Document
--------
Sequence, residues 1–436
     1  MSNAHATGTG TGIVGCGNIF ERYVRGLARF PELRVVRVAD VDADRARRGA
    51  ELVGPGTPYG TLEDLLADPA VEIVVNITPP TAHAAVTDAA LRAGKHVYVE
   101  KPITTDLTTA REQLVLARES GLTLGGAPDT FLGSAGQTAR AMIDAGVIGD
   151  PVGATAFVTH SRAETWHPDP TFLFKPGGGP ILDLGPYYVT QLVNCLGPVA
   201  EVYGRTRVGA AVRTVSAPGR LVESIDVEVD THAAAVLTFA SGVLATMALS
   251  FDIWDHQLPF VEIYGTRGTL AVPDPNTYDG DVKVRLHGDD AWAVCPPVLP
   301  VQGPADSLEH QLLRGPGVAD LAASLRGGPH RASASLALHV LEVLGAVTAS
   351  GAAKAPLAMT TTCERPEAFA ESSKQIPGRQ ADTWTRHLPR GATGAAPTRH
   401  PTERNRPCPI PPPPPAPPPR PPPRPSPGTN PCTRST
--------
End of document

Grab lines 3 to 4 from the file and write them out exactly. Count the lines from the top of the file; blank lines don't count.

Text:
    51  ELVGPGTPYG TLEDLLADPA VEIVVNITPP TAHAAVTDAA LRAGKHVYVE
   101  KPITTDLTTA REQLVLARES GLTLGGAPDT FLGSAGQTAR AMIDAGVIGD